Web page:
Congress and the Fate of Urban Community Development

This Chrysler commercial debuted during the most recent Super Bowl, when advertisements are most often anticipated and recognized for their unusual creativity, expense, and celebrity cameos. On the surface, this clip appears to only showcase rapper Eminem in an attempt to sell cars, but in truth touches upon a much deeper topic.

The recent economic downturn affected millions of Americans, but struggles were augmented for those residing in cities. With slashed budgets and reduced funding, city dwellers couldn’t help but feel the negative effects. Congressional legislation and financial support influence so many aspects of everyday life, including education and transportation. After-school programs halted, while train and bus fares swelled. Backing for infrastructure waned, while federal subsidies for higher education disappeared. Thousands have been left unemployed and under pressure to find work. In such a stringent economic climate, what impact will the diminished funding continue to have urban communities?

The advertisement paints Detroit – perhaps the city hit hardest by the collapse of the auto industry and the loss of thousands of jobs – as a proud and resilient metropolis, seemingly unaffected by the financial slump. The development of urban communities is so important today; millions of Americans live in cities, with this population increasing steadily every year. With the influx of people, it needs to be determined how the government can assist and maintain this urban society. Congress and the government help create regulations involving education, employment, transportation, housing, and public health. The issue of urban community development is not new – municipal growth and maintenance has been an area of concern for the government since the late 19th century – but I think it is especially pressing now.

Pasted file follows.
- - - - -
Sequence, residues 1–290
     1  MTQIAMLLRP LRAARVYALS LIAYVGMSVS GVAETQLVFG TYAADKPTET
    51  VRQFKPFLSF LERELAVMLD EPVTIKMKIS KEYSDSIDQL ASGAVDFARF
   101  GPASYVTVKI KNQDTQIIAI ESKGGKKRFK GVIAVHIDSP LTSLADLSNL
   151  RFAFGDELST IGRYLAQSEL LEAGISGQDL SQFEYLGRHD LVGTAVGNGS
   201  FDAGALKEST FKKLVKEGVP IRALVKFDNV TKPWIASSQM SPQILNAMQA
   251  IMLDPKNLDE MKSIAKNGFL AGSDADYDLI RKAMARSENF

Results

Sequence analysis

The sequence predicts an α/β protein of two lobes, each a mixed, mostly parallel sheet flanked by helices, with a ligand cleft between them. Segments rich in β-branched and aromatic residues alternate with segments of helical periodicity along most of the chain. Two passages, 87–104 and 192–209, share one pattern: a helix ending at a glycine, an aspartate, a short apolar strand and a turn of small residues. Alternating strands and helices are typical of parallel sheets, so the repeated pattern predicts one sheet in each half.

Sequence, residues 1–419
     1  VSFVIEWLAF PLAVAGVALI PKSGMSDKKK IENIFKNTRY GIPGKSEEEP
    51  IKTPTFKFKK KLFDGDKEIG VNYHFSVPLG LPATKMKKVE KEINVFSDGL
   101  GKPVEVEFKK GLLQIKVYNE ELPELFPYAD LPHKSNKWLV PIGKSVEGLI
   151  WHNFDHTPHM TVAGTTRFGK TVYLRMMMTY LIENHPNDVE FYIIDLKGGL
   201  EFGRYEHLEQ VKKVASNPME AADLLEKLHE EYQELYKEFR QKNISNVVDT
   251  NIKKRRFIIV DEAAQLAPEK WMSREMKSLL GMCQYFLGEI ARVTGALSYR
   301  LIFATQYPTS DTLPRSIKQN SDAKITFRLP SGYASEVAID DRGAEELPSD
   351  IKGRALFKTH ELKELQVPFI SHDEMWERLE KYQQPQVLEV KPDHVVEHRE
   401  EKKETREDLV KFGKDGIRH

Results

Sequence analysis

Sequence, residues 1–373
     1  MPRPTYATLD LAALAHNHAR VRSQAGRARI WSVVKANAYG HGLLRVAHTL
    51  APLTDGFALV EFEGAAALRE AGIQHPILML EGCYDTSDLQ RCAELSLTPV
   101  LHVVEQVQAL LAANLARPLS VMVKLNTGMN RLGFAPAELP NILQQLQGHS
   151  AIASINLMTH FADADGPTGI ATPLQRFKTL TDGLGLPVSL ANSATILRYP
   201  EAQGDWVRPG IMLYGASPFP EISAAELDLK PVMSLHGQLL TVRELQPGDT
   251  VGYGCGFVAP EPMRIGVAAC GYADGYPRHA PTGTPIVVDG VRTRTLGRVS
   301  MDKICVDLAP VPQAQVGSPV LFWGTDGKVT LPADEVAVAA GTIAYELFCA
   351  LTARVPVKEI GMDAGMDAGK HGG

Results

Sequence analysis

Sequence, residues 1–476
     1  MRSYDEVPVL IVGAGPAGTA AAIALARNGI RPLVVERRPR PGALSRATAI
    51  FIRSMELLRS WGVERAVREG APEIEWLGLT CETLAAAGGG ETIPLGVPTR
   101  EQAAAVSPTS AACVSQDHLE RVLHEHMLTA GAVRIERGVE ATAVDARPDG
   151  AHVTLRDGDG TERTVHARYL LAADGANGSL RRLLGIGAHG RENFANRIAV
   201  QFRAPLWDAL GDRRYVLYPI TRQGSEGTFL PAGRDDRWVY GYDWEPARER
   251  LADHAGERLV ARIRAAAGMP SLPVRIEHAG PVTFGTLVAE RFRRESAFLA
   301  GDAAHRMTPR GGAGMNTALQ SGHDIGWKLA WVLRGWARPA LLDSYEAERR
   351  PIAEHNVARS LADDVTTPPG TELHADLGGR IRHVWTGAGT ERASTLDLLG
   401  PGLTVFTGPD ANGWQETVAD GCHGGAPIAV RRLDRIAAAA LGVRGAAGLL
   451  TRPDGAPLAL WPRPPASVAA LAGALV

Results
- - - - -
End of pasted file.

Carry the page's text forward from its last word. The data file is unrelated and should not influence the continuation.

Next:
Too often, a lack of funding is most devastating to low-income and at-risk families; action and research are needed at this juncture to efficiently accommodate a dwindling budget and the needs of these residents to allow urban communities the chance to recover and flourish. Thus, the nation should strengthen as a whole. Congressional legislation undeniably has a direct effect on the future of urban inhabitants. Faced with persistent financial concerns and ever-changing political opinions over what direction legislation should take, America’s urban communities are at crossroads. Will they find further weakness and disadvantage, or will they find pride, like Detroit?

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About lydiascott

Hi! My name is Lydia Scott and I'm a senior at Penn State University, and I will be graduating in May of 2012. I'm completing concurrent majors in History, Philosophy, and Labor Studies and Employment Relations. My research topic focuses on the role of Congressional legislation in urban community development. Outside of academics, I'm also a member of Penn State's women's ice hockey team. After graduation, I hope to earn a master's degree in urban planning.
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